A systematic approach to doing this is to first delay or advance \(x(t)\) in accordance with the value of \(\beta\), and then to perform time scaling and/or time reversal on the resulting signal in accordance with the value of \(\alpha\). The delayed or advanced signal is linearly stretched if \(|\alpha|\lt1\), linearly compressed if \(|\alpha|\gt1\), and reversed in time if \(\alpha\lt0\).

To illustrate this approach, let us show how \(x(\frac{3}{2}t+1)\) may be determined for the signal \(x(t)\) shown in Figure 1.13(a). Since \(\beta=1\), we first advance (shift to the left) \(x(t)\) by \(1\) as shown in Figure 1.13(b). Since \(|\alpha|=\frac{3}{2}\), we may linearly compress the shifted signal of Figure 1.13(b) by a factor of \(\frac{2}{3}\) to obtain the signal shown in Figure 1.13(e).

In addition to their use in representing physical phenomena such as the time shift

in a sonar signal and the speeding up or reversal of an audiotape, transformations of the independent variable are extremely useful in signal and system analysis.

In later tutorials, we will use transformations of the independent variable to introduce and analyze the properties of systems. These transformations are also important in defining and examining some important properties of signals.

## 2. Periodic Signals

An important class of signals that we will encounter frequently throughout our tutorials is the class of ** periodic signals**.

A periodic continuous-time signal \(x(t)\) has the property that there is a positive value of \(T\) for which

\[\tag{1.11}x(t)=x(t+T)\]

for all values of \(t\).

In other words, a periodic signal has the property that it is unchanged by a time shift of \(T\). In this case, we say that \(x(t)\) is ** periodic with period \(T\)**.

Periodic continuous-time signals arise in a variety of contexts. For example, the natural response of systems in which energy is conserved, such as ideal LC circuits without resistive energy dissipation and ideal mechanical systems without frictional losses, are periodic and, in fact, are composed of some of the basic periodic signals that we will introduce in later tutorials.

An example of a periodic continuous-time signal is given in Figure 1.14. From the figure or from eq. (1.11), we can readily deduce that if \(x(t)\) is periodic with period \(T\), then \(x(t)=x(t+mT)\) for all \(t\) and for any integer \(m\). Thus, \(x(t)\) is also periodic with period \(2T\), \(3T\), \(4T\), ....

The ** fundamental period** \(T_0\) of \(x(t)\) is the smallest positive value of \(T\) for which eq. (1.11) holds. This definition of the fundamental period works, except if \(x(t)\) is a constant. In this case the fundamental period is undefined, since \(x(t)\) is periodic for

**choice of \(T\) (so there is no smallest positive value).**

*any*A signal \(x(t)\) that is not periodic will be referred to as an ** aperiodic** signal.

Periodic signals are defined analogously in discrete time. Specifically, a discrete-time signal \(x[n]\) is periodic with period \(N\), where \(N\) is a positive integer, if it is unchanged by a time shift of \(N\), i.e., if

\[\tag{1.12}x[n]=x[n+N]\]

for all values of \(n\).

If eq. (1.12) holds, then \(x[n]\) is also periodic with period \(2N\), \(3N\), .... The ** fundamental period** \(N_0\) is the smallest positive value of \(N\) for which eq. (1.12) holds.

An example of a discrete-time periodic signal with fundamental period \(N_0=3\) is shown in Figure 1.15.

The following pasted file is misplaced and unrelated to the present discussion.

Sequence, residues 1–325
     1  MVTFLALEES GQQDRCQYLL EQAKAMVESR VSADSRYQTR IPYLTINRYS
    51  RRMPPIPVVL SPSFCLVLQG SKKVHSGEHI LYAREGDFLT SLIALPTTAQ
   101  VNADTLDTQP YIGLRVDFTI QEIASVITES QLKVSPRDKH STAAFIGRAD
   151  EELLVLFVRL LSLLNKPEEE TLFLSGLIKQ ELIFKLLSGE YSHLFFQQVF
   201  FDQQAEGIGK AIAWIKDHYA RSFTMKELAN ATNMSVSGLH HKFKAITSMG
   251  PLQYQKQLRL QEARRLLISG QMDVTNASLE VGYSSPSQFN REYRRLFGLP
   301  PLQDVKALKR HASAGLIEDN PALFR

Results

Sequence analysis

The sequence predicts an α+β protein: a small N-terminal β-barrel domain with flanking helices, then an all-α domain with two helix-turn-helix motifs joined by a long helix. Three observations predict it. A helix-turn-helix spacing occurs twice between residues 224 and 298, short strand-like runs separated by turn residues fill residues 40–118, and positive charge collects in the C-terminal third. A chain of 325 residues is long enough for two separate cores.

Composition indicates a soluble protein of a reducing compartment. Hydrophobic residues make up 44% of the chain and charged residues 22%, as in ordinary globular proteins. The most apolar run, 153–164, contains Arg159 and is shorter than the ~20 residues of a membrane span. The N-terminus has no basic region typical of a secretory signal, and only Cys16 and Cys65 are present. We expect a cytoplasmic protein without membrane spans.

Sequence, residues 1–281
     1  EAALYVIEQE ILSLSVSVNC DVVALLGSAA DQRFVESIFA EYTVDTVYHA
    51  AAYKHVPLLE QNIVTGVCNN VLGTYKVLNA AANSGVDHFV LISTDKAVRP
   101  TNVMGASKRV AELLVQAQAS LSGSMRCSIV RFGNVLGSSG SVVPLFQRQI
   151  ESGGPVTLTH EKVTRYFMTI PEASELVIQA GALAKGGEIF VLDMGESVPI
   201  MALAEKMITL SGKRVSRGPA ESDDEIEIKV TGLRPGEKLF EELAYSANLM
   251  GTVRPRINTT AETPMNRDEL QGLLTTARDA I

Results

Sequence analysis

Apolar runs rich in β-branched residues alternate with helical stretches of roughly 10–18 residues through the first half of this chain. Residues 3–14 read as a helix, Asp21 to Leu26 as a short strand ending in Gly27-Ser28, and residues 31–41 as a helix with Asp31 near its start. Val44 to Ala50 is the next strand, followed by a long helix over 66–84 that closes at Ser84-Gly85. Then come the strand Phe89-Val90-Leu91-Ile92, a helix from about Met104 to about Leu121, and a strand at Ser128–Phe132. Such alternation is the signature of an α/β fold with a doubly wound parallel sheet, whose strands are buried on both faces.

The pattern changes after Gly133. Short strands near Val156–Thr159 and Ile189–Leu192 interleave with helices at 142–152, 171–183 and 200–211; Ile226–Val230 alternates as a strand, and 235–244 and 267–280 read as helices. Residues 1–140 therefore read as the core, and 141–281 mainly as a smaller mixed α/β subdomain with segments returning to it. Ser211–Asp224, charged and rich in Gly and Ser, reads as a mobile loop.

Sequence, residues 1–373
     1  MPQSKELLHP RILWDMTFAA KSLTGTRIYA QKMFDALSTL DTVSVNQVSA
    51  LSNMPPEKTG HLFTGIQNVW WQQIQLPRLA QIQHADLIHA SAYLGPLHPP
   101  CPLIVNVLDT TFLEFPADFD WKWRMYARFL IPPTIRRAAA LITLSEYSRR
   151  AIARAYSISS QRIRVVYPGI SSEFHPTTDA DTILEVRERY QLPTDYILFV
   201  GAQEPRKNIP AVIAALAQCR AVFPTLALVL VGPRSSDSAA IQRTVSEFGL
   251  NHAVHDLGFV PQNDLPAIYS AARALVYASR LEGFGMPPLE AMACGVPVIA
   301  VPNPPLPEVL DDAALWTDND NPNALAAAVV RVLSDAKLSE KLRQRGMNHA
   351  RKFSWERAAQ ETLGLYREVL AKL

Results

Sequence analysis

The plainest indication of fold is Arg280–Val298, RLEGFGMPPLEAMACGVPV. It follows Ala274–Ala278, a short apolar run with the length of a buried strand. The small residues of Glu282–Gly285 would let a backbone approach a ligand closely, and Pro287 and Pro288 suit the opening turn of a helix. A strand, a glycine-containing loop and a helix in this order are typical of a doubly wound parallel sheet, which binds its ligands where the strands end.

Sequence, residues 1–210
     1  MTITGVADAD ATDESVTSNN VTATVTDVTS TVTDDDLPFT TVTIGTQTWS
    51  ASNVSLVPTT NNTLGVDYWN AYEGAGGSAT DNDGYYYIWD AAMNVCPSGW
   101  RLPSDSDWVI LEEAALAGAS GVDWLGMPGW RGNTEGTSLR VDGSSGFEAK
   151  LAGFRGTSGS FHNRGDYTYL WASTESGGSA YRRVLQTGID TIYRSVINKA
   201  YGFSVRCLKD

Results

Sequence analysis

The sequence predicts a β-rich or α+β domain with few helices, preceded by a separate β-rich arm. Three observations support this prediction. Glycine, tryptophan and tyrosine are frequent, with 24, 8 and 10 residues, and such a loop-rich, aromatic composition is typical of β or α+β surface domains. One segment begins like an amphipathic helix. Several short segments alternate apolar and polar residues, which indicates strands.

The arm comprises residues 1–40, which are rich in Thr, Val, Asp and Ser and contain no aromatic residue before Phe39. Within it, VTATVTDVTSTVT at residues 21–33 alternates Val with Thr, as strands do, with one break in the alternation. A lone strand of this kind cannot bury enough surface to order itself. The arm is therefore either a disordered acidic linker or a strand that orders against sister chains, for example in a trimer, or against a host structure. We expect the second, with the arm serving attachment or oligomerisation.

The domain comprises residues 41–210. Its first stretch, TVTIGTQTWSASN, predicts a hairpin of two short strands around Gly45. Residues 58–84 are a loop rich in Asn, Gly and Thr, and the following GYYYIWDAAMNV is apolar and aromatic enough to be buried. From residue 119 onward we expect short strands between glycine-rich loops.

**Example 1.4**

Let us illustrate the type of problem solving that may be required in determining whether or not a given signal is periodic. The signal whose periodicity we wish to check is given by

\[\tag{1.13}x(t)=\begin{cases}\cos(t)\qquad\text{if }t\lt0\\\sin(t)\qquad\text{if }t\ge0\end{cases}\]

From trigonometry, we know that \(\cos(t+2\pi)=\cos(t)\) and \(\sin(t+2\pi)=\sin(t)\). Thus, considering \(t\gt0\) and \(t\lt0\) separately, we see that \(x(t)\) does repeat itself over every interval of length \(2\pi\).

However, as illustrated in Figure 1.16, \(x(t)\) also has a discontinuity at the time origin that does not recur at any other time. Since every feature in the shape of a periodic signal must recur periodically, we conclude that the signal \(x(t)\) is not periodic.

## 3. Even and Odd Signals

Another set of useful properties of signals relates to their symmetry under time reversal. A signal \(x(t)\) or \(x[n]\) is referred to as an ** even** signal is it is identical to its time-reversed counterpart, i.e., with its reflection about the origin.

In continuous time a signal is even if

\[\tag{1.14}x(-t)=x(t)\]

while a discrete-time signal is even if

\[\tag{1.15}x[-n]=x[n]\]

A signal is referred to as ** odd** if

\[\tag{1.16}x(-t)=-x(t)\]

\[\tag{1.17}x[-n]=-x[n]\]

An odd signal must necessarily be \(0\) at \(t=0\) or \(n=0\), since eqs. (1.16) and (1.17) require that \(x(0)=-x(0)\) and \(x[0]=-x[0]\).

Examples of even and odd continuous-time signals are shown in Figure 1.17.

*An important fact is that any signal can be broken into a sum of two signals, one of which is even and one of which is odd.*

To see this, consider the signal

\[\tag{1.18}\mathcal{Ev}\left\{x(t)\right\}=\frac{1}{2}[x(t)+x(-t)]\]

which is referred to as the ** even part** of \(x(t)\).

Similarly, the ** odd part** of \(x(t)\) is given by

\[\tag{1.19}\mathcal{Od}\left\{x(t)\right\}=\frac{1}{2}[x(t)-x(-t)]\]

It is a simple exercise to check that the even part is in fact even, that the odd part is odd, and that \(x(t)\) is the sum of the two.

Exactly analogous definitions hold in the discrete-time case. An example of the even-odd decomposition of a discrete-time signal is given in Figure 1.18.

The next tutorial discusses in detail about ** exponential and sinusoidal signals**.